Why do you have a "communion" service every week?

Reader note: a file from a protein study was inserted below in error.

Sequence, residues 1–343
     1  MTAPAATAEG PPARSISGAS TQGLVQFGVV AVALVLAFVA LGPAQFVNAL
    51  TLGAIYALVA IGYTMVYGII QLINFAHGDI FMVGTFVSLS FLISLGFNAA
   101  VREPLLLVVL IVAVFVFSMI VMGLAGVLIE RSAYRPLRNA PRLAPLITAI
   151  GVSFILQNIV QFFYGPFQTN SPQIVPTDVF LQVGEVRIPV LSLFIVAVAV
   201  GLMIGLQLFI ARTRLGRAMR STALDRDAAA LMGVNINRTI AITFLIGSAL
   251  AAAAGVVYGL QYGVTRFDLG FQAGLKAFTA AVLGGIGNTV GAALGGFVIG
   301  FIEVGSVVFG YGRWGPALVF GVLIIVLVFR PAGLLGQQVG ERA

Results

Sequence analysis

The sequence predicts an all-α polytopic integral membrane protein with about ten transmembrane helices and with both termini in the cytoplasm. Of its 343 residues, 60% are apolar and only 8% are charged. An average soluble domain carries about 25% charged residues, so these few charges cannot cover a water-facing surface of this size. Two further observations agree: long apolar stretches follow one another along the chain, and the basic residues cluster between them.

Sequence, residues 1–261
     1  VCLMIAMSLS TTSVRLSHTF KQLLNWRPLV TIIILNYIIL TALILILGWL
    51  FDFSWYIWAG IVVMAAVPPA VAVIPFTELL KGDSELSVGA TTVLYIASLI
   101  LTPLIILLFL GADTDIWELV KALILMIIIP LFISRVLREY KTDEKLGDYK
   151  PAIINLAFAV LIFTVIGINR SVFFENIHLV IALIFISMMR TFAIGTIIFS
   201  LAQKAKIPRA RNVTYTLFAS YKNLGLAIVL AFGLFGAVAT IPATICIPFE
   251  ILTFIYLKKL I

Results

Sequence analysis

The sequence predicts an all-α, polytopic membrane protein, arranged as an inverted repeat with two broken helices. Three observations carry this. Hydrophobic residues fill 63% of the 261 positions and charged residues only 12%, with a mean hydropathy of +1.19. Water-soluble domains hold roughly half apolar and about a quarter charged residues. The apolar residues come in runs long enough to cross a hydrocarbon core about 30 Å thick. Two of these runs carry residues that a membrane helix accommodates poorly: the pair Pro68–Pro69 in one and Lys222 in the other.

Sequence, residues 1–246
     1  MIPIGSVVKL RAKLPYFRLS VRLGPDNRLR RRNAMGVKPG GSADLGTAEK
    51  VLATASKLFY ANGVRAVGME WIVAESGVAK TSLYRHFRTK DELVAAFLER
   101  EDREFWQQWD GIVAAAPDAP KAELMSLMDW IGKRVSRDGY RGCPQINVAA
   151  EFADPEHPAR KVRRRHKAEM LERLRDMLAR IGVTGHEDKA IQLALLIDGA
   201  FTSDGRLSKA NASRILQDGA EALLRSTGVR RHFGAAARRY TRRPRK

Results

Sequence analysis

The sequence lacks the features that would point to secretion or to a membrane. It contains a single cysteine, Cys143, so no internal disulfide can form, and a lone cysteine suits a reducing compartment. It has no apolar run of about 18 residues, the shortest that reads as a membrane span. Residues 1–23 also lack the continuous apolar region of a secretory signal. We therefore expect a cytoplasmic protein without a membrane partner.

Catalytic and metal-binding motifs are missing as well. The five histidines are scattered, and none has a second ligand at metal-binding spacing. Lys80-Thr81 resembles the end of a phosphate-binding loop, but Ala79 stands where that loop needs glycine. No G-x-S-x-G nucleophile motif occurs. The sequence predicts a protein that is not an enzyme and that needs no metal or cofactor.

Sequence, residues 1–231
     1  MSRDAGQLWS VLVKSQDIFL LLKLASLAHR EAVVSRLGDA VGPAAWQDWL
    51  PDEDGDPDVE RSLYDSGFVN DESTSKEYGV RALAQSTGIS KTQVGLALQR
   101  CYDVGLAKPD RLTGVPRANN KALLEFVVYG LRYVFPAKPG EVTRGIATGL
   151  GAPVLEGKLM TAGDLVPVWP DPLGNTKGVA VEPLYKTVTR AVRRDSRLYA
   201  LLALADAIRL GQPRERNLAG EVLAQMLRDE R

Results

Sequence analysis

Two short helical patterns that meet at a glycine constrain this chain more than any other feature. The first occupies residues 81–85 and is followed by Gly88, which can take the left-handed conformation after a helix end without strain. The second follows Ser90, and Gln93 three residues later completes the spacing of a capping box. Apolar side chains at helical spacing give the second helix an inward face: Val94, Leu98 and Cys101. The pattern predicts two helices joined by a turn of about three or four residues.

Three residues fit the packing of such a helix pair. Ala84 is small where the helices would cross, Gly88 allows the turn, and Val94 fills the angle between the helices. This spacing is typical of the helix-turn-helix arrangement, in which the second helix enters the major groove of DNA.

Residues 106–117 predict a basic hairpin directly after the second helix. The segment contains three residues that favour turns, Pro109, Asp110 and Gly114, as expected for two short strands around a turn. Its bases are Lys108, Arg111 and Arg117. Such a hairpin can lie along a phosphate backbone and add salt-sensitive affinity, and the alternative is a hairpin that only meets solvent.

When the Lord Jesus instituted the Lord's Supper (or as some have called it, the communion service) He said, "This do in remembrance of Me" (Mk. 14:22-24; Lk. 22:19-20; 1 Cor. 11:23-26). This meeting is to be a time only for those who have put their faith and trust in the Lord Jesus to remember the tremendous price that was paid in order to secure our salvation. This is symbolized by two elements: The bread - which pictures to us the sacrifice of the Lord's body; and the cup - which represents the shedding of blood, without which their can be no remission of sins. The pattern of the early church in the book of Acts was to meet on the first day of the week for the "breaking of the bread" (Acts 20:7). Paul suggests that it is to be a continual exercise when he wrote, "For as often as ye eat this bread and drink this cup ye do show the Lord's death till He come" (1 Cor. 11:26). Some have suggested that having the Lord's Supper every week (instead of monthly or quarterly) dulls the worshipper sense of true appreciation. On the contrary, to those who practice the weekly observance of the Lord's Supper, it becomes the highlight of the believer's week to gather once more with fellow believers and remind themselves of all that Christ has done to secure our salvation.